Ask the Architect

Should we go with recessed lighting?

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Q. Planning our home has gotten to be expensive, and we don’t like the look of high-hats in the ceiling. The contractor tells us we have to have a lot of them to light the room. Isn’t there another way? Also, we wanted to save energy, and the bulbs are going to use a lot of electricity. What would you do?

A.Lighting is as sensitive a subject as heating and cooling, since these senses are most affected in a new home, or any room you’re in. High-hat, or recessed, lighting isn’t the only choice, but probably the most popular. What it provides is down lighting, or, if adjustable, directional lighting from the ceiling.

There are many good reasons to use recessed lighting, and some negatives. For example, high-hats are hidden from view when you look across the ceiling, so being less noticeable or obtrusive, they make the space feel more open. Hanging lights add an element to the space, and aren’t as “clean”-looking, if that’s your preference. Modern-style homes are flooded with light from high-hats to preserve that clean, continuous-plane ceiling.

The one major problem with recessed lighting is that it lights the floor and anything in between the ceiling and floor, but if you look at the lit room, the ceiling is left in shadow. The shadow effect makes the ceiling appear lower and more ominous, depending on its actual height. By employing other types of lighting, such as standing lamps, known as torchieres, or wall-mounted lights, called sconces, you change the light location and bounce light off more surfaces, giving the room a more balanced, even glow. Table lamps are another alternative, but may also fall into the category of “task”-oriented lighting, which, as the name implies, is more focused on a particular area and is better suited to reading than to overall room illumination.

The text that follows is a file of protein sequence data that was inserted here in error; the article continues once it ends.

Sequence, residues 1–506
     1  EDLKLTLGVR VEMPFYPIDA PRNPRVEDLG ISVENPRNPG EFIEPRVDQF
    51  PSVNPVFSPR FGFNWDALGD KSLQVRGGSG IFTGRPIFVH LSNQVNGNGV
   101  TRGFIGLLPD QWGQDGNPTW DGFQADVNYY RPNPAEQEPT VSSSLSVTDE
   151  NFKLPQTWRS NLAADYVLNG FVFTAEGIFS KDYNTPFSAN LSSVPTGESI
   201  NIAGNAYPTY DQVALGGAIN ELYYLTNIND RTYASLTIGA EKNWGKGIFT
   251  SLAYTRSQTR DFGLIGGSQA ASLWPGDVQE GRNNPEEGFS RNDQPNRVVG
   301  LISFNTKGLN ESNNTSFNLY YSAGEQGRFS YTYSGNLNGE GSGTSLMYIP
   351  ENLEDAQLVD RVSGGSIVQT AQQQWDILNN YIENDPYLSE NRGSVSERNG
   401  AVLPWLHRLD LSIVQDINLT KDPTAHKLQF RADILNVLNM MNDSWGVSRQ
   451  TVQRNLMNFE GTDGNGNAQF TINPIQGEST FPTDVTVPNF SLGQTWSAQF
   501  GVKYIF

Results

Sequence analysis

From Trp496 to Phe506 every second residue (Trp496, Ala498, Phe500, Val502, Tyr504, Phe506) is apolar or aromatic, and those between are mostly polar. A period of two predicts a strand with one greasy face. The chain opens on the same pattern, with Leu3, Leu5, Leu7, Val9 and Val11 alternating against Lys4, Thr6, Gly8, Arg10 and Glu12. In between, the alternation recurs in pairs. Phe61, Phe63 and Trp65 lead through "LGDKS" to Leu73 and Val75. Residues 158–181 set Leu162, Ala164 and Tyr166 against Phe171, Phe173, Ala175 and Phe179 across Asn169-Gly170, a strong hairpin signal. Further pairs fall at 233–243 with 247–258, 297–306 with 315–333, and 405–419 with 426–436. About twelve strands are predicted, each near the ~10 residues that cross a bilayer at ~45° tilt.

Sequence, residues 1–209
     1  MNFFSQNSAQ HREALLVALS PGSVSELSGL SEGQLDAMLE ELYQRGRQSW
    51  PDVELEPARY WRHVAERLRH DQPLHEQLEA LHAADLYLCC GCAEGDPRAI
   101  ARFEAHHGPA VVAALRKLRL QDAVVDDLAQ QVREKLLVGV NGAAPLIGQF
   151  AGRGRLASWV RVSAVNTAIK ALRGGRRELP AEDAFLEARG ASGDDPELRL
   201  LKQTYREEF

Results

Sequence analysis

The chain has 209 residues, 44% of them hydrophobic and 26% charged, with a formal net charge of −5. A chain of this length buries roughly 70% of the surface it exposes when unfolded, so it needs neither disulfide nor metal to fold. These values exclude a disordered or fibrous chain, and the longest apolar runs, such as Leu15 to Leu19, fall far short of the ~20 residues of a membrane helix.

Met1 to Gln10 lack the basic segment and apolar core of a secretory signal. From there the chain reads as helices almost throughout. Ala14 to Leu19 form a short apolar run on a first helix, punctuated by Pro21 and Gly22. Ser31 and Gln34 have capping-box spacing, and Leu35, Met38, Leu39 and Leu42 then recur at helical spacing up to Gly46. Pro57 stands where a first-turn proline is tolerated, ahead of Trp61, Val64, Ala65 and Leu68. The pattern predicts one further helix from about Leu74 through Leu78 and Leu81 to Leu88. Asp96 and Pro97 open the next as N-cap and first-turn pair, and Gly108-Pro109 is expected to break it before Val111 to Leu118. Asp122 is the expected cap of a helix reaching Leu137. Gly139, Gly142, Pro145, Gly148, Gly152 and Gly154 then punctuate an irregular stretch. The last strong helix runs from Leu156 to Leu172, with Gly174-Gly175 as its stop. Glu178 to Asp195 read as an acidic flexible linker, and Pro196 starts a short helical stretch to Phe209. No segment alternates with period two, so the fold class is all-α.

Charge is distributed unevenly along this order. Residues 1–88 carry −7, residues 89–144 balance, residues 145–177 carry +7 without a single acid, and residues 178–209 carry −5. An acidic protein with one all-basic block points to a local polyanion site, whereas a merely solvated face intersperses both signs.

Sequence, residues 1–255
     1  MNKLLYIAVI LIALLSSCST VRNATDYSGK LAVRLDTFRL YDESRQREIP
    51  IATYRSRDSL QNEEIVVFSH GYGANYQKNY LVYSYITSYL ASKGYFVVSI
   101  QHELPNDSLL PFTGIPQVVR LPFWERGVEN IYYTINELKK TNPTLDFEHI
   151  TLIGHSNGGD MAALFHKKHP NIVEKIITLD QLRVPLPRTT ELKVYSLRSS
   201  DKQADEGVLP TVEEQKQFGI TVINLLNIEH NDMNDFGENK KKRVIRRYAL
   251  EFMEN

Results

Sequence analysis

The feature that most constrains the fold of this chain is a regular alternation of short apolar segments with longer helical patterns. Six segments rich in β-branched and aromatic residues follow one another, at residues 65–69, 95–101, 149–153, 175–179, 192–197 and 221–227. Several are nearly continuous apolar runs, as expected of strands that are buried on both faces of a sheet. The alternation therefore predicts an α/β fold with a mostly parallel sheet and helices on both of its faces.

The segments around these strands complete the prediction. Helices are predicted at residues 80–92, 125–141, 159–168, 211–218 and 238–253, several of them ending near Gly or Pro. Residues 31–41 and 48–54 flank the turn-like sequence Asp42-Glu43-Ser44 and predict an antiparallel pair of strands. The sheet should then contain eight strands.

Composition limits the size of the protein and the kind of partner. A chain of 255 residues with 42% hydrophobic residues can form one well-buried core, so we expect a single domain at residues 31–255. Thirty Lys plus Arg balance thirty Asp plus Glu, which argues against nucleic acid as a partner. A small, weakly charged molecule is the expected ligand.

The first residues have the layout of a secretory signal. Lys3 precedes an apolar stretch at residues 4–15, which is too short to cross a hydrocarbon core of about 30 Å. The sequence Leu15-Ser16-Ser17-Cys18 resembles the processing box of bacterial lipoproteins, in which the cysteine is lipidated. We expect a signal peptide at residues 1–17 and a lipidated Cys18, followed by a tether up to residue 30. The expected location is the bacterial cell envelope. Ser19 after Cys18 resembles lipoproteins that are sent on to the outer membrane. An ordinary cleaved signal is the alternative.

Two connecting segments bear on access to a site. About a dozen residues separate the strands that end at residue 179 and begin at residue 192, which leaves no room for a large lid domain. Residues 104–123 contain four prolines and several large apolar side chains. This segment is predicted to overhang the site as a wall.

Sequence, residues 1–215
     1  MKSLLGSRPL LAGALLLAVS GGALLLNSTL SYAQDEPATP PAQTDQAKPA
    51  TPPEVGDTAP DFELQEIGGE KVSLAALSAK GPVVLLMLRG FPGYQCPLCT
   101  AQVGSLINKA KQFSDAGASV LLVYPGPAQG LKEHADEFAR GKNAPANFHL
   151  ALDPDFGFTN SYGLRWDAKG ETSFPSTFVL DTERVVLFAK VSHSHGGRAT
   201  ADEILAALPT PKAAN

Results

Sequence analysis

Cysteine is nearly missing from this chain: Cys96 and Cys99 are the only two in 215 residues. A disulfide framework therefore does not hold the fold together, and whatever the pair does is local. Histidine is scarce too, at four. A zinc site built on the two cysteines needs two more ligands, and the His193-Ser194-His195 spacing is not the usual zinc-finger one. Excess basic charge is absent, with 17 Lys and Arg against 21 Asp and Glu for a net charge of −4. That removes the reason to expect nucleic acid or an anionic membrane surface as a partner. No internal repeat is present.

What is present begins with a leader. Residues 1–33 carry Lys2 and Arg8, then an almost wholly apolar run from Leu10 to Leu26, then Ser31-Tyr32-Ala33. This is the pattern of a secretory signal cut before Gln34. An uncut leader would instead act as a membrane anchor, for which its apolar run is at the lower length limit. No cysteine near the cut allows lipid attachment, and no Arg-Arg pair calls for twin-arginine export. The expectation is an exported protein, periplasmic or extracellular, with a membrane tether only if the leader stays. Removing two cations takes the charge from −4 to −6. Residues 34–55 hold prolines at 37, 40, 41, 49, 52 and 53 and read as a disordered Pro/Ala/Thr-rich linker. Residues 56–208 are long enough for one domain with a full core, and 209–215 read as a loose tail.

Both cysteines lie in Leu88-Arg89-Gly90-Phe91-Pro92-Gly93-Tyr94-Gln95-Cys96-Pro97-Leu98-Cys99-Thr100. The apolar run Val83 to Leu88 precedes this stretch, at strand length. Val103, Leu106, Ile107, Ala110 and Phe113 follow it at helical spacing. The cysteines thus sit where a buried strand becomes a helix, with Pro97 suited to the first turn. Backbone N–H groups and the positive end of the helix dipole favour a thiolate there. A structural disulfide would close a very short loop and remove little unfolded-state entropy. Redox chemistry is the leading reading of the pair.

The best lighting I’ve found for uniform lighting from a single source is the first one I mentioned, the standing, adjustable, multidirectional torchiere. I’ve also found them to be the most economical, since you can light a whole room with a single light. If you plan to get torchieres, you may want to consider one with more than one light. This way, you can direct light in different directions, including down for a reading space, up to the ceiling for overall illumination, and focused on a wall for highlighting a picture or your favorite knickknack, tchotchke, souvenir, conversation piece, garage sale treasure, or other piece of heirloom referred to as “stuff.”

As for bulbs to use, these days, light-emitting diodes, or LEDs, aren’t really bulbs, and save the expense we used to have with fluorescent or incandescent bulbs. With an LED, you can control the lighting color and intensity using a dimmer switch that makes the mood of the room much more flexible, regardless of the type of fixtures you use. Enjoy your new home!

© 2018 Monte Leeper. Readers are encouraged to send questions to yourhousedr@aol.com, with “Herald question” in the subject line, or to Herald Homes, 2 Endo Blvd., Garden City, NY 11530, Attn: Monte Leeper, architect.